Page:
Exercise 5.2: Discovering Your Preference, Continued
(The element by element approach.)
OK, so what did you think? In my view, this is the much more interesting painting. It fairly leaps off the page in three dimensions, it feels very true, with loads of depth. I've lost that sense of flatness that I expressed in the first piece. Just notice the way in which each piece has the hint of deeper color that makes it pop out at you. What do you think? I should check your blog...
Exercise 5.3: Painting Background
What a difference a few lines make, John! You've handled this exercise very creatively.
I have to admit that I held my breath a bit before opening it. I tend to use a lot of dark, bold backgrounds, but I sure wouldn't have for this orchid. I was worried you would go dark as you did the callas. Wise choice! This adds both a beautiful background, and also enhances overall the composition. Are you going to frame it??
Compare your paintings from 5.1 and 5.2, side by side.
Do you have a distinct preference, in terms of your approach? Do you think the results are any different? Any opinions about the progression? Use your journal this week to address these questions.
(note: 5.1 is the overall approach ; 5.2 is the element by element.)
In a nutshell, and as a surprise to me, I preferred the element by element approach.
I entered this week's exercises with some unsureness. I've often read the advice of working a painting overall, not focusing greatly on any one element. The thought is that a feeling of all the pieces coming together as one can be easily lost. I'll admit it. I can be a great one for theory. I'm pleased to be pushed by my exercises to confront some internalized dogma.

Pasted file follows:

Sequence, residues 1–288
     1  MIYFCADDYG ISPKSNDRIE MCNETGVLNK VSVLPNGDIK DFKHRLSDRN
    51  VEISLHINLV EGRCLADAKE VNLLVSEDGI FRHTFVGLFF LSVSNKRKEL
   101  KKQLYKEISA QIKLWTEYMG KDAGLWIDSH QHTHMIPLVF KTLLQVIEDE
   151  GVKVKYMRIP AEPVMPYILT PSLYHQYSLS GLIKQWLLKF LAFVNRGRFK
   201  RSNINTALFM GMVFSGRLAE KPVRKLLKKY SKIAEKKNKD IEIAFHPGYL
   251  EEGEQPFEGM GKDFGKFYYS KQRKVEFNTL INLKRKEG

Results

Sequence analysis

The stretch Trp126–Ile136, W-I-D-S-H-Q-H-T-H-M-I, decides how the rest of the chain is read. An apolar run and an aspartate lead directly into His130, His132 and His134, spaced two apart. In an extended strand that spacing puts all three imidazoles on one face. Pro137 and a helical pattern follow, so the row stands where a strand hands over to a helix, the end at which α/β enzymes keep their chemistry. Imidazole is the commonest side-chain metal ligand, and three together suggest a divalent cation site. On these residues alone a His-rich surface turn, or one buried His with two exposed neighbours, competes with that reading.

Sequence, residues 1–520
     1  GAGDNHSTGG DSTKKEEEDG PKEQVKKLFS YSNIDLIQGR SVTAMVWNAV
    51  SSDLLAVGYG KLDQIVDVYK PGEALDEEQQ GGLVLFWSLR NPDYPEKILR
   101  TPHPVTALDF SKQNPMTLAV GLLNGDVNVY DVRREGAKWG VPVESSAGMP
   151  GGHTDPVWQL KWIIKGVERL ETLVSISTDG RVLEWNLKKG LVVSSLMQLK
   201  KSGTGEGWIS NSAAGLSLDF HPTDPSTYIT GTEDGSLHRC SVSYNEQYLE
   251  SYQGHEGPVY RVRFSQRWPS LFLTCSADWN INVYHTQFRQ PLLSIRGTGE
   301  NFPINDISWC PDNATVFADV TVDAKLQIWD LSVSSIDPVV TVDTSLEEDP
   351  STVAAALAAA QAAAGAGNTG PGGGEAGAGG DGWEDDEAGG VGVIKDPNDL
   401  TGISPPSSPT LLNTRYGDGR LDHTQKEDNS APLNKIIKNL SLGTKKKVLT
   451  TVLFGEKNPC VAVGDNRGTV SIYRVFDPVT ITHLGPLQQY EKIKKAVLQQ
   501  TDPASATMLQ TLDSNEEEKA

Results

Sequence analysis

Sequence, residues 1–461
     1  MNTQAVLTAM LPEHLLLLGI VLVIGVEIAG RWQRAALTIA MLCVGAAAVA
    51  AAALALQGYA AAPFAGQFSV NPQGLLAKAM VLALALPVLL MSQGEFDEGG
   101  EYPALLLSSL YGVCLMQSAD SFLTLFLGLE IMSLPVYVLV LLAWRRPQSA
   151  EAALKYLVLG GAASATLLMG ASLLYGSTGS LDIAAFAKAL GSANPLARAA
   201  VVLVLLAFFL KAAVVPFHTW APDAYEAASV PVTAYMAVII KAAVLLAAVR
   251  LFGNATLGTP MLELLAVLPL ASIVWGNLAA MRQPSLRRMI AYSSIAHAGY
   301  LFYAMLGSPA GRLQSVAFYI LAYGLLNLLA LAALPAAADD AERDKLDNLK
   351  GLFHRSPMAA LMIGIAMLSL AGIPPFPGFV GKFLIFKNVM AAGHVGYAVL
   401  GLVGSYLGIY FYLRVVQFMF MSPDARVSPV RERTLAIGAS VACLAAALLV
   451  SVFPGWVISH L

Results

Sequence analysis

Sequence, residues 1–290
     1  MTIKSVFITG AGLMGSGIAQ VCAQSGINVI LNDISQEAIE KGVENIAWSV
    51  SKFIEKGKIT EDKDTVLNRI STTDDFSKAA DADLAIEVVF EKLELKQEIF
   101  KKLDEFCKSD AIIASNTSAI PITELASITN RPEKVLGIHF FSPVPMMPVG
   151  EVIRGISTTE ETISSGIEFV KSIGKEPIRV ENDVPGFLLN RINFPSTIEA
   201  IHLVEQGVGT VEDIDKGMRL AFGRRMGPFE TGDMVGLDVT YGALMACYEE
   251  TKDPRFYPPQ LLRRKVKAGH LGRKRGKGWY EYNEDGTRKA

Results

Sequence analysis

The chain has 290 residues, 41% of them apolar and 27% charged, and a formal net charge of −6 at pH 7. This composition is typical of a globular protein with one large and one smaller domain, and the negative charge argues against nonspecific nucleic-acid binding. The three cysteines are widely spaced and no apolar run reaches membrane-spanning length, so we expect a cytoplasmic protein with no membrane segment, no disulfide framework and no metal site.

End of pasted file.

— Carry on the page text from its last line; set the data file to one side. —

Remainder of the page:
That concept of losing the cohesiveness with element by element just didn't seem to apply. I checked as I went along and did make small changes to already completed elements. I did apply light washes to bring it all together. Something I will still consider is the fact that this piece involved only one flower, bud, stem. How will these approaches stack up in a complicated work?
Perhaps there is simply not one rule that fits all situations. For this beginner, for this lesson, I saw more detail and tried to work it in much more in the second exercise—that is, completing one element before moving on to the next. Could it be that since I was using the same subject that the second time through I was on more familiar territory? Quite possibly. Was I more relaxed because I knew I could get at least some approximation of that flower? Ya, sure. Will I always look more closely, irregardless of approach, based on this week's work? I think so.
This has been a fine lesson. I cannot in a six week class greatly increase my skills, but I can open my mind to how I approach learning. Experimentation is just as key (or more so?) to gaining knowledge as are my books.
Thursday, July 15, 2010
I reworked the bamboo repeatedly with tracing paper and a few times on the painting. Once drawn in, I lightened it up with a kneadable eraser. I'm not sure that I followed the spirit of the exercise, perhaps more closely followed if with a brush and wash or something or other--but, I did follow my spirit. :-)
Wednesday, July 14, 2010
Tuesday, July 13, 2010
Learning to paint is such an interesting process. Naturally, one must gain competence with paint, brush, paper, and water. What I now feel is a greater challenge is to see and feel with all the detail that a flower offers. I call it "honest seeing". As a beginner, I can mentally gloss over details that I sense beyond my ability, or I can accept that I'm not working out all that I see--kind of a "I'll wait until I'm better" mentality. I play it both ways, for now.